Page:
Rim-Sin I Foundation figurine of Rim-Sin c. 1758–1699 BC Contemporary of Irdanene of Uruk. Brother of Warad-Sin; defeated by Hammurabi of Babylon.
Hammurabi of Babylon Votive monument to Hammurabi BM 22454 c. 1699–1686 BC Official Babylonian rule
Samsu-iluna of Babylon Record of the sale of land in the reign of Samsu-Iluna. c. 1686–1678 BC Official Babylonian rule
Rim-Sin II c. 1678–1674 BC Killed in revolt against Babylon


List of the kings of Larsa, 39th year of Hammurabi's reign, Louvre
Compilation of plane geometry problems from Larsa, Old Babylonian period.

The remains of Larsa cover an area of about 200 hectares. The highest point is around 70 ft (21 m) in height.

The site of Tell es-Senkereh was first excavated, under the rudimentary archaeological standards of his day, by William Loftus in 1850 for less than a month.[20] Loftus recovered building bricks of Nebuchadnezzar II of the Neo-Babylonian Empire which enabled the site's identification as the ancient city of Larsa. Much of the effort by Loftus was on the temple of Shamash, rebuilt by Nebuchadnezzar II. Inscriptions of Burna-Buriash II of the Kassite dynasty of Babylon and Hammurabi of the First Babylonian dynasty were also found. Larsa was also briefly worked by Walter Andrae in 1903. The site was inspected by Edgar James Banks in 1905. He found that widespread looting by the local population was occurring there.[21]

The first modern, scientific, excavation of Senkereh occurred in 1933, with the work of André Parrot.[22][23] Parrot worked at the location again in 1967.[24][25] In 1969 and 1970, Larsa was excavated by Jean-Claude Margueron.[26][27] Between 1976 and 1991, an expedition of the Delegation Archaeologic Francaise en Irak led by J-L. Huot excavated at Tell es-Senereh for 13 seasons.[28][29][30][31] The primary focus of the excavation was the Neo-Babylonian E-Babbar temple of Utu/Shamash. Floors and wall repairs showed its continued use in the Hellenistic period. A tablet, found on the earliest Hellenistic floor, was dated to the reign of Philip Arrhidaeus (320 BC). Soundings showed that the Neo-Babylonian temple followed that plan of the prior Kassite and earlier temples.[32] Numerous inscriptions and cuneiform tablets were found representing the reigns of numerous rulers, from Ur-Nammu to Hammurabi all the way up to Nebuchadnezzar II.[33][34]

In 2019 excavations were resumed. The first season began with a topographic survey, by drone and surface survey, to refine and correct the mapping from early excavations. Excavaton was focused on a large construction of the Hellenistic period built north of the E-Babbar temple.[35][36] The first season included a magnetometer survey.[37] Excavations continued with one month seasons in 2021 and 2022. They have been able to trace a very large system of internal canals and a port area, all linked to the Tigris and Euphrates rivers in Old Babylonian times. In a destroyed level of the Grand Viziers residence 59 cuneiform tablets, fragments and envelopes dated to the time of Gungunum and Abisare were found. Geophysical work continued including on the 10-20 meter wide rampart wall that enclosed Larsa, with six main gates.[38]

See also[edit]


  1. ^ ETCSL. The Lament for Nibru. Accessed 19 Dec 2010.
  2. ^ ETCSL. The Temple Hymns. Accessed 19 Dec 2010.
  3. ^ [1] Robson, Eleanor, "Words and Pictures: New Light on Plimpton 322", The American Mathematical Monthly, vol. 109, no. 2, pp. 105–20, 2002
  4. ^ Charvát, Petr, "From King to God: The NAMEŠDA Title in Archaic Ur", in Organization, Representation, and Symbols of Power in the Ancient Near East: Proceedings of the 54th Rencontre Assyriologique Internationale at Würzburg 20–25 Jul, edited by Gernot Wilhelm, University Park, USA: Penn State University Press, pp. 265-274, 2012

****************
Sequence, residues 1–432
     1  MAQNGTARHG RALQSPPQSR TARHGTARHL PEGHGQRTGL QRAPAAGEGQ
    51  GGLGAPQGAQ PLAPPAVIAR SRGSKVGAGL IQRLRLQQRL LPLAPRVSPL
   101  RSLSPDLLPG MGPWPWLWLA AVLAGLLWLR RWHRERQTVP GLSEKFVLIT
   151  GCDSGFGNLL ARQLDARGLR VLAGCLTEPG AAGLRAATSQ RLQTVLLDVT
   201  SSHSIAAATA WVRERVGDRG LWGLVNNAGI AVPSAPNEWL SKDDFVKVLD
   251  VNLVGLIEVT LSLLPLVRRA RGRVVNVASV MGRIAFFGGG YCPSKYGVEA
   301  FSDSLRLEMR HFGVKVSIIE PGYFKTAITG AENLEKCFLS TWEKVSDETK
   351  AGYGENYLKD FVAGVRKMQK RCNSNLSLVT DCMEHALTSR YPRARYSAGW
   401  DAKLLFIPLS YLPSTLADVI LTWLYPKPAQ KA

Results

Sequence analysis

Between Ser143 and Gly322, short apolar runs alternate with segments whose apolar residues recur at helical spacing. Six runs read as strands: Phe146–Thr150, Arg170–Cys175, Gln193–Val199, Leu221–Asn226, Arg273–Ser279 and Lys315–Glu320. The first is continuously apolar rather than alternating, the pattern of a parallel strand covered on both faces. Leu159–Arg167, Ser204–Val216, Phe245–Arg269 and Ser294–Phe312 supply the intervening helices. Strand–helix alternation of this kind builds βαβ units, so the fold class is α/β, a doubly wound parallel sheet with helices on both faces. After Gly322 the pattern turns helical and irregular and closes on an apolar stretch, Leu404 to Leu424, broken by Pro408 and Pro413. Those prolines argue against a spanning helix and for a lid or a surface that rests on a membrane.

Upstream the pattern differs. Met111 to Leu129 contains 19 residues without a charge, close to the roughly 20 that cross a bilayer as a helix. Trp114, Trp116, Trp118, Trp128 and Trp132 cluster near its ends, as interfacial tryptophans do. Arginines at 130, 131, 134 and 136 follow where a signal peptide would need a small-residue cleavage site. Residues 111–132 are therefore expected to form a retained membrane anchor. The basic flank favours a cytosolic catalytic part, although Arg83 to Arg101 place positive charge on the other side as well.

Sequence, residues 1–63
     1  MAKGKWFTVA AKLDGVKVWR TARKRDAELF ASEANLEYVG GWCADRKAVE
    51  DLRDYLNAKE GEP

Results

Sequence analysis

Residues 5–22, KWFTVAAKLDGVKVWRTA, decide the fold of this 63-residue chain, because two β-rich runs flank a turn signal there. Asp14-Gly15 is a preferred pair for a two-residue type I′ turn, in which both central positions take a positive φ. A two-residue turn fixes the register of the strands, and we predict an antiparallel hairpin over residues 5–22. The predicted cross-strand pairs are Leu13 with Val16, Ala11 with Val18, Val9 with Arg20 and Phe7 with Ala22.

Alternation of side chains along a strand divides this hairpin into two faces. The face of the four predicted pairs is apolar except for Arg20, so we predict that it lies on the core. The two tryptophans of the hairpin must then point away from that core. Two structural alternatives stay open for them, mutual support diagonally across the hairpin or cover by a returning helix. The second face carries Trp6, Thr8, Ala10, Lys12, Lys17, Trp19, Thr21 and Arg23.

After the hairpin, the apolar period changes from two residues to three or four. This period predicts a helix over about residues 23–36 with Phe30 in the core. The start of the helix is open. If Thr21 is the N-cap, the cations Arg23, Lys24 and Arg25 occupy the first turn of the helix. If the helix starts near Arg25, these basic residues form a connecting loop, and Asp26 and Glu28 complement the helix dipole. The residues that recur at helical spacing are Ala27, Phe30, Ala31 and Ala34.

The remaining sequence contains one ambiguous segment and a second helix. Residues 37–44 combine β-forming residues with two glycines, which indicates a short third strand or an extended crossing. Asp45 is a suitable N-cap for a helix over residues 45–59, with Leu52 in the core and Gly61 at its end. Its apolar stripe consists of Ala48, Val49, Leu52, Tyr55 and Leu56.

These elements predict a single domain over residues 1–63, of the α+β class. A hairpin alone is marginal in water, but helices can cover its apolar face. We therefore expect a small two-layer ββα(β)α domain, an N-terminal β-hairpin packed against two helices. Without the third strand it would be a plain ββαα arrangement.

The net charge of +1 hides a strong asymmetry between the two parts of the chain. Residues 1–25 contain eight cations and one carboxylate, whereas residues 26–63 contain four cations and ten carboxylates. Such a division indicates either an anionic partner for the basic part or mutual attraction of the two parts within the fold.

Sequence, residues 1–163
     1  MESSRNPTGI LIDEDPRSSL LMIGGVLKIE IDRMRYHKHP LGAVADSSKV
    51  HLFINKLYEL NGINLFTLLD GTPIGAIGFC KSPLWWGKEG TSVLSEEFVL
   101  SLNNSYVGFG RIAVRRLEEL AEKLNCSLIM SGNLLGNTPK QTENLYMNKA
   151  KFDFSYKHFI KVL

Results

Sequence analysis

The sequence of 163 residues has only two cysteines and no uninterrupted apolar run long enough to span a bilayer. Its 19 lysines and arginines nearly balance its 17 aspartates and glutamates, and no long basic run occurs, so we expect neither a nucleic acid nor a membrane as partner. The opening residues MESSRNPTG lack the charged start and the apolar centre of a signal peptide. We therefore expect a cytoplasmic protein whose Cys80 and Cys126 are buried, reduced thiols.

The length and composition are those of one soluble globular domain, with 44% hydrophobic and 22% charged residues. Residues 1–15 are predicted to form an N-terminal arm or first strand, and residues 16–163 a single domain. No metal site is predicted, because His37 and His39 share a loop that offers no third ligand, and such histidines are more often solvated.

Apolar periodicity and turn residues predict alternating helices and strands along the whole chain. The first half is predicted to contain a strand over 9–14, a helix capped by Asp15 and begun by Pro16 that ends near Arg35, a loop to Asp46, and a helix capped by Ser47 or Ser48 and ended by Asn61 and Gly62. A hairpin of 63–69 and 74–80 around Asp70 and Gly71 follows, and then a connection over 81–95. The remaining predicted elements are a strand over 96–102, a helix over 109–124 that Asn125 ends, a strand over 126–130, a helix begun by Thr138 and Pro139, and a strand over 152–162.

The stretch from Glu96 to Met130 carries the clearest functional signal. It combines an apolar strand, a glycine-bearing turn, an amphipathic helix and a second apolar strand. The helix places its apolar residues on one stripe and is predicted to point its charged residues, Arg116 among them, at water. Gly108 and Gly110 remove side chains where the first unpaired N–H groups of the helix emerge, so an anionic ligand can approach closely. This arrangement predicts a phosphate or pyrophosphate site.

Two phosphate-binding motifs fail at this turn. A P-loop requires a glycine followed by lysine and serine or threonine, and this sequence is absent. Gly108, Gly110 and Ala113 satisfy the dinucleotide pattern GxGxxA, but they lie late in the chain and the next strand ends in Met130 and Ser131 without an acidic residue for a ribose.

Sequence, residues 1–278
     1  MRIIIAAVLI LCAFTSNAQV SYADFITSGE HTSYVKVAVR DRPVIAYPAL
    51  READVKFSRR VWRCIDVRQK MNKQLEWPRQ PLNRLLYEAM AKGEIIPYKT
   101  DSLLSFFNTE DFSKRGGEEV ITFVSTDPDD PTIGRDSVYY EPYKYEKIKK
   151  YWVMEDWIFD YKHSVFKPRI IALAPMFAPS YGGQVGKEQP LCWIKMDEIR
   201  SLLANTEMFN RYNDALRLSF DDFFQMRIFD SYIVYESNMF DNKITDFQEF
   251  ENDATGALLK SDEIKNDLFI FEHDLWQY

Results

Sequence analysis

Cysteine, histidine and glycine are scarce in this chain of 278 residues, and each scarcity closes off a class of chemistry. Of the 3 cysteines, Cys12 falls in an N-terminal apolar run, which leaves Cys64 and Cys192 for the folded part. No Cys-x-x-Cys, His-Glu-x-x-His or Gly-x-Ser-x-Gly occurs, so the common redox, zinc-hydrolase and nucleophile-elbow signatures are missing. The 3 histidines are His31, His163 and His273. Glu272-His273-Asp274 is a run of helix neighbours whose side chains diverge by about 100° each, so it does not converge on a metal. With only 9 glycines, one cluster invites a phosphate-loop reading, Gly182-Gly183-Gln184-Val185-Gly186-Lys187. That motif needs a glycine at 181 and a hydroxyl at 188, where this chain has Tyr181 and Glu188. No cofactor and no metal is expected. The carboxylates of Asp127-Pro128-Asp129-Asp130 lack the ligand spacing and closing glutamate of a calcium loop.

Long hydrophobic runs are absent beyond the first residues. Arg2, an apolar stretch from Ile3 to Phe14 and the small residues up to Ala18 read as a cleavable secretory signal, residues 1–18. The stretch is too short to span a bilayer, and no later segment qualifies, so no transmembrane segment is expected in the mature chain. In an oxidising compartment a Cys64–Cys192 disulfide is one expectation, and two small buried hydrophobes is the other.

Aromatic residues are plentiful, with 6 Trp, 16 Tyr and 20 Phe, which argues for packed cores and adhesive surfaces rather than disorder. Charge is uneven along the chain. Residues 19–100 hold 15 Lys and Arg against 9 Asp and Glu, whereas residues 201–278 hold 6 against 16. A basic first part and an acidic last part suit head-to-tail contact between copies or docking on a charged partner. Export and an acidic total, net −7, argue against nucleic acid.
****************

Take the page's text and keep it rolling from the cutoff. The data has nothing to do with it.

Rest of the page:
5. ^ Overmann, Karenleigh A., "The Neolithic Clay Tokens", The Material Origin of Numbers: Insights from the Archaeology of the Ancient Near East, Piscataway, NJ, USA: Gorgias Press, pp. 157-178, 2019
  6. ^ a b Douglas Frayne, "Lagas", in Presargonic Period: Early Periods, Volume 1 (2700-2350 BC), RIM The Royal Inscriptions of Mesopotamia Volume 1, Toronto: University of Toronto Press, pp. 77-293, 2008 ISBN 9780802035868
  7. ^ Helle, Sophus, "The Temple Hymns", in Enheduana: The Complete Poems of the World's First Author, New Haven: Yale University Press, pp. 53-94, 2023
  8. ^ Frayne, Douglas, "Ur-Nammu E3/2.1.1". Ur III Period (2112-2004 BC), Toronto: University of Toronto Press, pp. 5-90, 1997
  9. ^ Steinkeller, P., "A History of Mashkan-shapir and Its Role in the Kingdom of Larsa", In E. C. Stone & P. Zimansky (eds.), The Anatomy of a Mesopotamian City. Survey and Soundings at Mashkan-shapir, Winona Lake: Eisenbrauns, pp. 26-42, 2004
  10. ^ Ali Ahmed Gadalla, Azza, "The City of Mashkan-Shabir and The Kingdom of Larsa", Annals of the Faculty of Arts, Ain Shams University 50.13, pp. 294-321, 2022
  11. ^ W. G. Lambert, "The Home of the First Sealand Dynasty", Journal of Cuneiform Studies, 26, pp. 208–210, 1974
  12. ^ Beaulieu, Paul-Alain, "Neo-Babylonian Larsa: A Preliminary Study", Orientalia, vol. 60, no. 2, pp. 58–81, 1991
  13. ^ Boivin, O., "The ilku and Related Fiscal Obligations in Sixth Century Larsa", in: K. Kleber (ed.), Taxation in the Achaemenid Empire (Classica et Orientalia 26), Wiesbaden, pp. 153–176, 2021
  14. ^ Beaulieu, P.-A., "A Finger in Every Pie: The Institutional Connections of a Family of Entrepreneurs in Neo-Babylonian Larsa", in: A.C.V.M. Bongenaar (ed.), Interdependency of Institutions and Private Entrepreneurs: Proceedings of the Second MOS Symposium, Leiden 1998 (PIHANS 87), Leiden, pp. 43–72, 2000
  15. ^ Joannès, F., "Les débuts de l’époque hellénistique à Larsa", in: C. Breniquet/C. Kepinski (ed.), Études mésopotamiennes. Recueil de textes offerts à Jean-Louis Huot, Paris, pp. 249–264, 2001
  16. ^ Lecomte, O., "Stratigraphical analysis and ceramic assemblages of the 4th–1st centuries B. C. E.Babbar of Larsa", in: U. Finkbeiner (ed.), Materialien zur Archäologie der Seleukiden- und Partherzeit im südlichen Babylonien und im Golfgebiet, Tübingen, pp. 17–39, 1993
  17. ^ Westenholz, Aage, "The Graeco-Babyloniaca Once Again", Zeitschrift für Assyriologie und Vorderasiatische Archäologie , vol. 97, no. 2, pp. 262-313, 2007